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The URL goes to a website that is evidently devoted to digitizing printed books. This is pretty much an off-topic post, except that I am wondering if any obscure but potentially useful numismatic books have been digitized.


I stumbled across the site, because in addition to collecting coins, I occasionally like to buy old, completely obscure books at antique malls, yard sales, etc. One that I am currently reading (entitled "Marzio's Crucifix") - quite amazingly - showed up on their site, which I reached from a search engine.


It's just a shot in the dark, but perhaps useful numismatic references are on this site. I haven't found any yet.

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Upon further review, this site is pretty darned cool! I did an advanced search for "half dime", and here's a pretty cool excerpt from one of the books that came up:







THE STATES.--When Washington became President, the thirteen original

states of the Union [1] were in many respects very unlike the same states

in our day. In some the executive was called president; in others

governor. In some he had a veto; in others he had not. In some there was

no senate. To be a voter in those days a man had to have an estate worth a

certain sum of money, [2] or a specified annual income, or own a certain

number of acres. [3]


Moreover, to be eligible as governor or a member of a state legislature a

man had to own more property than was needed to qualify him to vote. In

many states it was further required that officeholders should be

Protestants, or at least Christians, or should believe in the existence of



The adoption of the Constitution made necessary certain acts of

legislation by the states. They could issue no more bills of credit;

provision therefore had to be made for the redemption of those

outstanding. They could lay no duties on imports; such as had laid import

duties had to repeal their laws and abolish their customhouses. All

lighthouses, beacons, buoys, maintained by individual states were

surrendered to the United States, and in other ways the states had to

adjust themselves to the new government.




THE NATIONAL DEBT.--Each of the states was in debt for money and supplies

used in the war; and over the whole country hung a great debt contracted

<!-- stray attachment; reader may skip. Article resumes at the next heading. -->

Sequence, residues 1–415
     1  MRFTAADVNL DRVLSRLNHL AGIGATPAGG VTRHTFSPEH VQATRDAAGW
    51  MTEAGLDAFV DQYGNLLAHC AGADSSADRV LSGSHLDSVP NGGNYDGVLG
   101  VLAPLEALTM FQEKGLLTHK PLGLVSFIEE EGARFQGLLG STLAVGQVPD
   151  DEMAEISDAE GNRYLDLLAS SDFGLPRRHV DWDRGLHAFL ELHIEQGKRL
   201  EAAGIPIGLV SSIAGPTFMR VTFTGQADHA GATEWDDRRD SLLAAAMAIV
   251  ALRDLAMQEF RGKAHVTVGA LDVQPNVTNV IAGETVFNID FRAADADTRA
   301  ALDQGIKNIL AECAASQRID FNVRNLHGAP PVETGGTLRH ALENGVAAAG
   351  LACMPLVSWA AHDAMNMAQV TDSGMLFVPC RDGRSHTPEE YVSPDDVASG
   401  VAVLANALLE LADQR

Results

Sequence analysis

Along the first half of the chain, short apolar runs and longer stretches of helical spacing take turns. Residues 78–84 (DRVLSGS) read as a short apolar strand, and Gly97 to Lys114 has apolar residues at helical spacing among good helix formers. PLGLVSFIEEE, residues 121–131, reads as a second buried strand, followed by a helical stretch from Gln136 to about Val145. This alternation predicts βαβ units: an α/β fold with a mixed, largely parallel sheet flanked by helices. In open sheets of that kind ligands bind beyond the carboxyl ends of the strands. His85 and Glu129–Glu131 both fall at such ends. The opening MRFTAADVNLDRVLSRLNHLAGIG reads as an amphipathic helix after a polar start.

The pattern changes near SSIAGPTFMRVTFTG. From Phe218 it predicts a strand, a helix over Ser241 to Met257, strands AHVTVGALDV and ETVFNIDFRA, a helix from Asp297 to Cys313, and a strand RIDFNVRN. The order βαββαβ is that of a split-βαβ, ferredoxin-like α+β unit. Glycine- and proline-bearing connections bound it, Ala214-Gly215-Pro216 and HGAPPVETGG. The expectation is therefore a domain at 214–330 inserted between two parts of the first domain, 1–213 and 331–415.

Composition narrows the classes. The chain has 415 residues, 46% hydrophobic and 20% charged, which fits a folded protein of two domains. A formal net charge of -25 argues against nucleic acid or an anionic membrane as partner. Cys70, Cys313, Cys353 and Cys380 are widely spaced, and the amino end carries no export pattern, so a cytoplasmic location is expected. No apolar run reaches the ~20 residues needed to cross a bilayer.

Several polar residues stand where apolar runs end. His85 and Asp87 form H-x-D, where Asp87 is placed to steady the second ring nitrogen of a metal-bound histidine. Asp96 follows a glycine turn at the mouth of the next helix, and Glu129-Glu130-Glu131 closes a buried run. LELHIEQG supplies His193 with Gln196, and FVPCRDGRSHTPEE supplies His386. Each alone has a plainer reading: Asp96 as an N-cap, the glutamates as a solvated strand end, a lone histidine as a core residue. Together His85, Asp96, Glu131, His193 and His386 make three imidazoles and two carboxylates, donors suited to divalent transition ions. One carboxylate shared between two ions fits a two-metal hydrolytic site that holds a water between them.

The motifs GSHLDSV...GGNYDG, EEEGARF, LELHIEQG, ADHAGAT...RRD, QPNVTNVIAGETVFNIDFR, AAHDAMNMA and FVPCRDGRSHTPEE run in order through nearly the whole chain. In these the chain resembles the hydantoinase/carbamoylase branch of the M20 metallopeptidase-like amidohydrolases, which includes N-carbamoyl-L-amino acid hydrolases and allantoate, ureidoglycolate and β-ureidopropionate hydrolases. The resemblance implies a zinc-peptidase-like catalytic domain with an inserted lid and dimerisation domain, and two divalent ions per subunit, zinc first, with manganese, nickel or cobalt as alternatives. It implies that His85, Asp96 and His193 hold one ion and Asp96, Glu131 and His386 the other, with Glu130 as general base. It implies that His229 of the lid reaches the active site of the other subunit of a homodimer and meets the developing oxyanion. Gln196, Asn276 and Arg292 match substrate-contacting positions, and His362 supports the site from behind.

by the old Congress. Part of this national debt was represented by bills

of credit, loan-office certificates, lottery certificates, and many other

sorts of promises to pay, which had become almost worthless. This was

strictly true of the bills of credit or paper money issued in great

quantities by the Continental Congress. [4] Besides this domestic debt

owed to the people at home, there was a foreign debt, for Congress had

borrowed a little money from Spain and a great deal from France and

Holland. On this debt interest was due, for Congress had not been able to

pay even that.


THE MONEY OF THE COUNTRY.--The Continental bills having long ceased to

circulate, the currency of the country consisted of paper money issued by

individual states, and the gold, silver, and copper coins of foreign

countries. These passed by such names as the Joe or Johannes, the

doubloon, pistole, moidore, guinea, crown, dollar, shilling, sixpence,

pistareen, penny. A common coin was the Spanish milled dollar, which

passed at different ratings in different parts of the country. [5]

Congress in 1786 adopted the dollar as a unit, divided it into the half,

quarter, dime, half dime, cent, and half cent, and ordered some coppers to

be minted; but very few were made by the contractor.


[illustration: SETTLED AREA IN 1790.]


POPULATION.--Just how many people dwelt in our country before 1790 can

only be guessed at. In that year they were counted for the first time, and

it was then ascertained that they numbered 3,929,000 (in the thirteen

states) of whom 700,000 were slaves. All save about 200,000 dwelt along

the seaboard, east of the mountains; and nearly half were between

Chesapeake Bay and Florida.


The most populous state was Virginia; after her, next in order were

Massachusetts (including Maine), Pennsylvania, North Carolina, and New



The most populous city was Philadelphia, after which came New York,

Boston, Charleston, and Baltimore.


LIFE IN THE CITIES.--What passed for thriving cities in those days were

collections of a thousand or two houses, very few of which made any

pretension to architectural beauty, ranged along narrow streets, none of

which were sewered, and few of which were paved or lighted even on nights

when the moon did not shine. During daylight a few constables kept order.

At night small parties of men called the night watch walked the streets.

Each citizen was required to serve his turn on the watch or find a

substitute or pay a fine. He had to be a fireman and keep in his house

near the front door a certain number of leather fire buckets with which at

the clanging of the courthouse or market bell he would run to the burning

building and take his place in the line which passed the full buckets from

the nearest pump to the engine, or in the line which passed the empty

buckets from the engine back to the pump. Water for household use or for

putting out fires came from private wells or from the town pumps. There

were no city water works.

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The beginning of the end for the printed book?


As an amature author, this holds a world of possibilities.


Thanks James

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